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Putting the Fine in Fine Dining

bjorn koch fine dining header

I’ve written a lot on this site about upscale dining and culture to the point that it almost seems as though I’ve covered just about everything. From the dos and don’ts of fine dining to the recipes you can make at home, BjornKoch.org has played home to many a fine dining blog post.

Many times on this site I’ve detailed the intricacies of fine dining. Diving into the topic allows for exploration on a micro scale, looking at where to eat, what to eat and what to do in different countries. But still BjornKoch.org is missing something–something on the macro level.

What is it, exactly, that makes a fine dining experience a fine dining experience? What makes upscale upscale? Is it just the price? Is it the atmosphere? The service? The variety (or lack of) food?

In essence, a little of everything goes into this, so here’s a bit about each.

Atmosphere

What’s the first thing you’ll undoubtedly notice when you set foot in any restaurant? Think about your senses: there’s the smell of the food, the sounds that are swirling around you and the appearance of the restaurant.

These are the factors that make up the overall atmosphere of an upscale dining experience. The patrons will more than likely be dressed nicely and be speaking in relatively hushed tones–fine dining restaurants are not places for the loud, raucous conversations you’d have in a TGI Friday’s or something of the sort. It’s difficult to put into words, but the overall demeanor of the restaurant staff, your fellow diners and their actions help to create an upscale atmosphere.

The Price

The eye popping prices of most upscale dining entrees are what many people first consider when they’re thinking about giving fine dining a shot. And while huge prices for entrees are expected at most establishments, it’s important to note that the price is a reflection of everything else on this list: the service provided, the atmosphere, the food and the upscale dining experience as a whole. Charging $45 for a burrito at the food truck outside of your office wouldn’t turn it into an upscale restaurant.

The Service

Most restaurants make it clear that your waiter or waitress is there to serve you. They’ll introduce themselves by name, pop in every 20-25 minutes to ensure you’re enjoying the meal and let you know that they’re there for refills of your Pepsi.

At an upscale restaurant, the servers do their best to remain unnoticed. They swap out your silverware or refill your glasses of wine without you even noticing. Providing everything you need to ensure that you’re fully serviced while remaining in the background is one of the most alluring aspects to fine dining.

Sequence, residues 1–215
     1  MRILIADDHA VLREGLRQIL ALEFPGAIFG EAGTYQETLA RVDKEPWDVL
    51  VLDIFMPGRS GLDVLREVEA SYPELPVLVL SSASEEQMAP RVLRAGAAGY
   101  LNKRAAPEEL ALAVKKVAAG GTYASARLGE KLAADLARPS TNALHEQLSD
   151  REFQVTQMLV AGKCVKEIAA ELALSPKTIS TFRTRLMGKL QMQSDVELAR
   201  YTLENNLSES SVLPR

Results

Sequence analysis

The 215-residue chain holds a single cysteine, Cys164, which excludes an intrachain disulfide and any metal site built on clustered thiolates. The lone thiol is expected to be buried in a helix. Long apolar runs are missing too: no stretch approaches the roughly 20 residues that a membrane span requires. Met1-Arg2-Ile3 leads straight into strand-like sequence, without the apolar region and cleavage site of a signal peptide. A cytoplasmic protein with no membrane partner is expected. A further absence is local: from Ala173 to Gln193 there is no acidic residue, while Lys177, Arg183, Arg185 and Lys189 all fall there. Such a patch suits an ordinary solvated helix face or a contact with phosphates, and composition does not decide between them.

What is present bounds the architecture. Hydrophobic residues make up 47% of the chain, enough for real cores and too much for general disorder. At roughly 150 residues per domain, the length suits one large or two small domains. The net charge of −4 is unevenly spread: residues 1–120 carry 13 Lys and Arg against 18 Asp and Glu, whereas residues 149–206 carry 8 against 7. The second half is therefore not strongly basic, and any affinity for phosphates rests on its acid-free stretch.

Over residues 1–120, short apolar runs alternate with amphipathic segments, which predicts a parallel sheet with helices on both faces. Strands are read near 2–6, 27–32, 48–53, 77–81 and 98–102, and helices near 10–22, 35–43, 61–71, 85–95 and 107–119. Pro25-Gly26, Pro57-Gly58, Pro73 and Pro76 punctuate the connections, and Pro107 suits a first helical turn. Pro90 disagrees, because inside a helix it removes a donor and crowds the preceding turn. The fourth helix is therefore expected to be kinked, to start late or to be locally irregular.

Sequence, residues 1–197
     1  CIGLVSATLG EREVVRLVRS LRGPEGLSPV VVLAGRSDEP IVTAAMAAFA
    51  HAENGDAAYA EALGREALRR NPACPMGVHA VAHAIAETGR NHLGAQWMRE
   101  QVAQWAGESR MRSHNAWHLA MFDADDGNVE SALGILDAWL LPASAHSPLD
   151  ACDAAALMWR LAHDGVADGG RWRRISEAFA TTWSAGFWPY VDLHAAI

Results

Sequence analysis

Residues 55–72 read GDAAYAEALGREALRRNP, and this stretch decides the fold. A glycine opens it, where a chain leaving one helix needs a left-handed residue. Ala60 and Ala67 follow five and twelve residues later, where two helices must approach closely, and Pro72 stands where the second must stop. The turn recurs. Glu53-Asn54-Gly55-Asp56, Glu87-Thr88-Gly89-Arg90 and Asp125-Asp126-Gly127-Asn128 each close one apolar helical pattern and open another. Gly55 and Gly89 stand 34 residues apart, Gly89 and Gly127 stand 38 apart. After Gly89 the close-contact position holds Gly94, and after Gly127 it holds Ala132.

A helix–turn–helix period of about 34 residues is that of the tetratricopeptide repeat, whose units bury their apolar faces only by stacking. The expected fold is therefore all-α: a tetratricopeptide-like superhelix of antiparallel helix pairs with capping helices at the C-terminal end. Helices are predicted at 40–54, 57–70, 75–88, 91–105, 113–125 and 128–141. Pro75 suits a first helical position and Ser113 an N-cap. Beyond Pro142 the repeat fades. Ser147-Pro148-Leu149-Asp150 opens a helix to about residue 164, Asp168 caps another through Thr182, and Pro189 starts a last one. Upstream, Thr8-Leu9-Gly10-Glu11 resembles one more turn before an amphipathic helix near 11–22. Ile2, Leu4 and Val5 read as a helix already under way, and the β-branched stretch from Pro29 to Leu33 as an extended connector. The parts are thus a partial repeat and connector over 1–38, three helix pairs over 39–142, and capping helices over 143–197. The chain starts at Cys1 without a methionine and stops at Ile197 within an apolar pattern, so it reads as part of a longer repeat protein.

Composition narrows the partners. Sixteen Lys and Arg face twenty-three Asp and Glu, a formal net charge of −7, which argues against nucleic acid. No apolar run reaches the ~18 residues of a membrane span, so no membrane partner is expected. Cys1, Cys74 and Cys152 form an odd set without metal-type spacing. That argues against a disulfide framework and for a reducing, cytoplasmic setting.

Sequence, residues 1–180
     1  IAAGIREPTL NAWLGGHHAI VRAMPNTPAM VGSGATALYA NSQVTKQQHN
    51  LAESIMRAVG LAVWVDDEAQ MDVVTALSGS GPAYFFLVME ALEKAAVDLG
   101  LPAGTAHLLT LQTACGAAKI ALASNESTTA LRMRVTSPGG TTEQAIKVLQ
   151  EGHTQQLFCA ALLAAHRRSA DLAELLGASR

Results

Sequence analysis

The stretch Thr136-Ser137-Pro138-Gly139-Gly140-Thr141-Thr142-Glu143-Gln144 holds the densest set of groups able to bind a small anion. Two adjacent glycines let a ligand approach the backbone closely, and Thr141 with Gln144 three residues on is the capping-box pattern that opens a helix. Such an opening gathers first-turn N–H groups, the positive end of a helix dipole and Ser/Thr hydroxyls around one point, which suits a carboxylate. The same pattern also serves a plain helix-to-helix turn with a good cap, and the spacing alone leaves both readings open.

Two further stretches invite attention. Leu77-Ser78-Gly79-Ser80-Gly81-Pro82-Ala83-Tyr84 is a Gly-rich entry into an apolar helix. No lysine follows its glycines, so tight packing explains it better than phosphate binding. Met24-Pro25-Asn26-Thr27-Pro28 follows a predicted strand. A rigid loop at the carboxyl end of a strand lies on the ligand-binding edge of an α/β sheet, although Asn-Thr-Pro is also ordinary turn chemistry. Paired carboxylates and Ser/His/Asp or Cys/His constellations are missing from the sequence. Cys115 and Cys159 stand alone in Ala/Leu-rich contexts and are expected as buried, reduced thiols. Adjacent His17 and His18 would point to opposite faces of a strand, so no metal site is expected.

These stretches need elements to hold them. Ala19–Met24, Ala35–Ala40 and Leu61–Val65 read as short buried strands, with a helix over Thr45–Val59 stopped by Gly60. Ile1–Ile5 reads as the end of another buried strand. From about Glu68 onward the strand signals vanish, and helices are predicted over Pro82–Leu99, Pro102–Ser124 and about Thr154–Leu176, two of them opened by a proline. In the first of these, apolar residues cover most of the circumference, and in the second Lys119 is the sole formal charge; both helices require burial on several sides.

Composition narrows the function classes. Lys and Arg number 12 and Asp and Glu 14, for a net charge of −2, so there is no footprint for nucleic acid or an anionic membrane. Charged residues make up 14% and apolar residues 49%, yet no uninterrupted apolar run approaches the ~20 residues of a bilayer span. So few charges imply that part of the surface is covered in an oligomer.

The Food

Finally. This is the bullet point you’ve undoubtedly been waiting for. When you’re eating out, you’re probably not doing it for the atmosphere, the service or the prices. Those are additions; pieces of the puzzle that make up the fine dining experience. But the overall picture–the reason you’re dining out in the first place is for the food. And upscale restaurants know how to deliver if you’re hungry.

Upscale dining food separates itself in both selection and quality. The foods featured on the menu are often locally sourced and unique offerings that aren’t found elsewhere. They’re chef specialities and dishes that are original, often changing and most importantly, delicious.  

Cocktails & Mixed Drinks for Upscale Dining

bjorn koch drinks

A lot of pressure is put into crafting the perfect meal when you’re out at an upscale establishment. Of course the cooking and preparation is handled by an experienced and well-versed chef or team of chefs, but you’re the one that has to place the order after all. Looking over the long list of options available, each promising to hit your tastebuds in such a way that it will instantly become a meal you’ll never forget.

But once you’ve made your decision the hard part is over…or is it?

Far too often is the offer of what to drink with your meal forgotten. Wines are the obvious go-to, but sometimes you’re not in the mood for a glass of red or white; sometimes you’re feeling like a cocktail will better hit the spot.

Here are seven must-have cocktails that epitomize class and are great additions to your next meal out.

Manhattan

A classy drink named after a fantastic borough of New York and garnished with a cherry traditionally, if there’s one drink to try at least once make it a Manhattan. Mix together whiskey, sweet red vermouth, and a dash of bitters.

Margarita

A great option if you’re dining at a nice Mexican restaurant, margaritas should be your go-to option. Fresh lime juice, triple sec and tequila make a surprisingly smooth cocktail that you can enjoy with your favorite Mexican dish. And don’t forget the salt!

Whiskey Sour

Many people see whiskey as the drink of a man’s man. I say it should be everyone’s drink (in moderation, of course). Don’t quit on whiskey if you’re not much of a sipper–try a whiskey sour. Skip the prepackaged mixes, instead combine lemon or lime juice, sugar, and some nice whiskey.

Gin and Tonic

Quick and easy with two ingredients (not counting ice). Toss a few cubes into a glass, pour some gin, pour some tonic (the ratio is up to you, 1:1: or 1:3 seems to be the general consensus). Garnish with a wedge of lemon or lime for a nice touch, and you’re set.

Martini

Gin, dry vermouth and orange bitters combine to form a classic that is worthy of James Bond’s attention. There’s a reason that a martini is the drink of choice for those like 007–shaken or stirred it’s sure to ooze class.